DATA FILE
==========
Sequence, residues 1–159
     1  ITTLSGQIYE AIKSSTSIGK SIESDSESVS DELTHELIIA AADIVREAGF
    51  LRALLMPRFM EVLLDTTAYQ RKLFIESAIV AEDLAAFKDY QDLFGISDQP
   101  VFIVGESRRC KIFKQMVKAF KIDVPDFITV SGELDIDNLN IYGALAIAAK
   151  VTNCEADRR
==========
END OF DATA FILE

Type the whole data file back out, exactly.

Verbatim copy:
Sequence, residues 1–159
     1  ITTLSGQIYE AIKSSTSIGK SIESDSESVS DELTHELIIA AADIVREAGF
    51  LRALLMPRFM EVLLDTTAYQ RKLFIESAIV AEDLAAFKDY QDLFGISDQP
   101  VFIVGESRRC KIFKQMVKAF KIDVPDFITV SGELDIDNLN IYGALAIAAK
   151  VTNCEADRR